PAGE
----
Drilling fluid is then pumped at high pressure through the hose 62 to the nozzle 64 using conventional equipment 67 (e.g., a compressor, a pump, and/or the like) at the surface of the well 10. The drilling fluid used may be any of a number of different fluids effective for eroding subterranean formation, such fluids comprising liquids, solids, and/or gases including, by way of example, one or a mixture of two or more of fresh water, produced water, polymers, surfactants, carbon dioxide, methane, nitrogen, acid, and the like, which fluids may be volatile or non-volatile, compressible or non-compressible, and/or optionally may be utilized at supercritical temperatures and pressures. The drilling fluid is preferably injected through the hose 62 and ejected from the nozzle 64, as indicated schematically by the arrows 66, to impinge subterranean formation material. The drilling fluid loosens, dissolves, and erodes portions of the earth's formation 16 around the nozzle 64. The excess drilling fluid flows into and up the well casing 12 and tubing 20, and may be continually pumped away and stored. As the earth 16 is eroded away from the frontal proximity of the nozzle 64, an opening 68 is created, and the hose 62 is extended into the opening. The opening 54 may generally be extended laterally as far as about 200 feet, though it is not limited to being extended 200 feet, to insure that an opening 68 is created between the well 10 and the desired petroleum formation in the earth's formation 16.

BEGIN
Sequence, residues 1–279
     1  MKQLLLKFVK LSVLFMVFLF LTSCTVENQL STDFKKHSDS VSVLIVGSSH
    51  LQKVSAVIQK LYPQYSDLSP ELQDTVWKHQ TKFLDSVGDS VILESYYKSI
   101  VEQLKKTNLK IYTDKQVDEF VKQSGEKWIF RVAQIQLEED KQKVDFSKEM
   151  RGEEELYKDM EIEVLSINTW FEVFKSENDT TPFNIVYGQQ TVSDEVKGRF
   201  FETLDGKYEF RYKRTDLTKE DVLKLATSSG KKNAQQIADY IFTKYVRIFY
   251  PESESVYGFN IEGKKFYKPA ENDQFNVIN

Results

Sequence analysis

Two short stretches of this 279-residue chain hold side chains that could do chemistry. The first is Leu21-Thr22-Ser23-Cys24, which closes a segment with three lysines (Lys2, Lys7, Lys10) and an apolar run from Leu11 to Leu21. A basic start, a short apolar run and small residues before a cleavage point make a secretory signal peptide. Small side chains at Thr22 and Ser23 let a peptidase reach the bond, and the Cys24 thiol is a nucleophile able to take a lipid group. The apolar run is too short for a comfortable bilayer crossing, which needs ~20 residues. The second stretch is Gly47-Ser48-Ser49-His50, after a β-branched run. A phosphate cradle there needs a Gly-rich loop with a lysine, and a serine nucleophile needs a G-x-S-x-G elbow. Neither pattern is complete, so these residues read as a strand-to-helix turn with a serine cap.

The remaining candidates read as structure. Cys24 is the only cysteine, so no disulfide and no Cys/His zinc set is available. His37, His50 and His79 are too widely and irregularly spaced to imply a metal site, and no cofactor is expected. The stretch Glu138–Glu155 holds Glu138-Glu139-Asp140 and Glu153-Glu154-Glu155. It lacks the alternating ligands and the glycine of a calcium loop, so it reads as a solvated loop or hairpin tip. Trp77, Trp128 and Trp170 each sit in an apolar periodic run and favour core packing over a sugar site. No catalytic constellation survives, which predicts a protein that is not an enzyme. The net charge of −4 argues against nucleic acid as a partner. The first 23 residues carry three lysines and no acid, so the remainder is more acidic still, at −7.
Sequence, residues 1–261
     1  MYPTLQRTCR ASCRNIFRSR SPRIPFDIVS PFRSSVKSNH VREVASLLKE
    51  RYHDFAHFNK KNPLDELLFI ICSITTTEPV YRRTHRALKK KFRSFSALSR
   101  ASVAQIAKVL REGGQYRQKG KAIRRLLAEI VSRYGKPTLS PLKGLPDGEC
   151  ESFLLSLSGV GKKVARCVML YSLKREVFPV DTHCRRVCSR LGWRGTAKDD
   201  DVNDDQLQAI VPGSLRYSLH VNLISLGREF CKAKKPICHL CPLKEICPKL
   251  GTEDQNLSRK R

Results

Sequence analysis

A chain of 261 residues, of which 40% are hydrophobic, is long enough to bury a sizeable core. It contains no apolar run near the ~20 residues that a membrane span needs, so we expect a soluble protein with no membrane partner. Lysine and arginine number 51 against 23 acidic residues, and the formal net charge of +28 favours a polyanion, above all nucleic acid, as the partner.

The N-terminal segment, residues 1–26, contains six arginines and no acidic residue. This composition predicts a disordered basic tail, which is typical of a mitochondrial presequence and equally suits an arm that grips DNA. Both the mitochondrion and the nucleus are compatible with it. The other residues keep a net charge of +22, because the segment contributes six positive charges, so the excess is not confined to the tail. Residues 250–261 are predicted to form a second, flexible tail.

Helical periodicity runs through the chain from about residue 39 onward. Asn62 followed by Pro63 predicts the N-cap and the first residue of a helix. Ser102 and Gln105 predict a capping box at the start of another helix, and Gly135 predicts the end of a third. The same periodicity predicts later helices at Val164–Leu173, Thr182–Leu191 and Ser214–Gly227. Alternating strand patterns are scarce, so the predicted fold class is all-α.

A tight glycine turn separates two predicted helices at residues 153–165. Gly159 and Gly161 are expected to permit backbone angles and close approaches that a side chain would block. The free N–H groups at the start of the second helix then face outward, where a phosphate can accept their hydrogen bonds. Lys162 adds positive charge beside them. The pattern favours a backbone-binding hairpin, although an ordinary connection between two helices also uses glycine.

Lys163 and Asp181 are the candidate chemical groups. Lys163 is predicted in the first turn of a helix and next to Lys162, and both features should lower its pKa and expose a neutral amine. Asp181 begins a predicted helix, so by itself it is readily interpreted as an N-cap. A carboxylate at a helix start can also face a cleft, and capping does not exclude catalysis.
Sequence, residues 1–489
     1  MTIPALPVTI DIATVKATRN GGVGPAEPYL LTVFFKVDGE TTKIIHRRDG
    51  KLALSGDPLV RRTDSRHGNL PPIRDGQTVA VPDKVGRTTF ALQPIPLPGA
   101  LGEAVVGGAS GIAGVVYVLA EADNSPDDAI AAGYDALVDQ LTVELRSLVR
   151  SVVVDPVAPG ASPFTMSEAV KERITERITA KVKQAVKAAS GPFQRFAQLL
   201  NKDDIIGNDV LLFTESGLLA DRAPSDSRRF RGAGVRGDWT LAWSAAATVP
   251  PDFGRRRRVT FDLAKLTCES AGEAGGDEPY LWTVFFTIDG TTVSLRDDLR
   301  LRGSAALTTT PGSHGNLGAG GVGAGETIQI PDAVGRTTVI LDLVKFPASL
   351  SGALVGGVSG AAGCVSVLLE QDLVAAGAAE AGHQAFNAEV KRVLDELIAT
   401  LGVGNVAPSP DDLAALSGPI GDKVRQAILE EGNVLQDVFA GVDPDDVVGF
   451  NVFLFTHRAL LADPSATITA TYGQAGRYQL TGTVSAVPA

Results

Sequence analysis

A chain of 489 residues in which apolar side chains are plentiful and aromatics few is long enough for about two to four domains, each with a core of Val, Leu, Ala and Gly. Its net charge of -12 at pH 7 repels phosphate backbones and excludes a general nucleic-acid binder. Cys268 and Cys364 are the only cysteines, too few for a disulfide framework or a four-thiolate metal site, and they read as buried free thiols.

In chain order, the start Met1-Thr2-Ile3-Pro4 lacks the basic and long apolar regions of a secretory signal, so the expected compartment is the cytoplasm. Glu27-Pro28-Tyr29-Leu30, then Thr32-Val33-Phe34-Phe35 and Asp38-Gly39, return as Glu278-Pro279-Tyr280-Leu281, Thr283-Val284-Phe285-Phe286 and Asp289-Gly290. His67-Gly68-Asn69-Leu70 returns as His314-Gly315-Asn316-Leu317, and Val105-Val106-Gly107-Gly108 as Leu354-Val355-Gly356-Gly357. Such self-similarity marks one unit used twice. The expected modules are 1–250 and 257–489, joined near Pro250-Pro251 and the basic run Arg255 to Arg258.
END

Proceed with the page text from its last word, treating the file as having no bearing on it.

After a sufficient opening 68 has been created, the flexible hose 62 is withdrawn upwardly from the shoe 18 and tubing 20. The tubing 20 is then pulled upwardly from the well 10 and, with it, the shoe 18. Excess drilling fluid is then pumped from well 10, after which petroleum product may be pumped from the formation.

It is understood that the present invention may take many forms and embodiments. Accordingly, several variations may be made in the foregoing without departing from the spirit or the scope of the invention. For example, the nozzle 64 may be configured for being guided in the subterranean formation 16.

Having thus described the present invention by reference to certain of its preferred embodiments, it is noted that the embodiments disclosed are illustrative rather than limiting in nature and that a wide range of variations, modifications, changes, and substitutions are contemplated in the foregoing disclosure and, in some instances, some features of the present invention may be employed without a corresponding use of the other features. Many such variations and modifications may be considered obvious and desirable by those skilled in the art based upon a review of the foregoing description of preferred embodiments. Accordingly, it is appropriate that the appended claims be construed broadly and in a manner consistent with the scope of the invention.

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Classifications
U.S. Classification175/67, 166/55.2, 175/75, 166/298, 175/424, 175/320
International ClassificationE21B7/06, E21B7/18
Cooperative ClassificationE21B7/061, E21B7/18
European ClassificationE21B7/18, E21B7/06B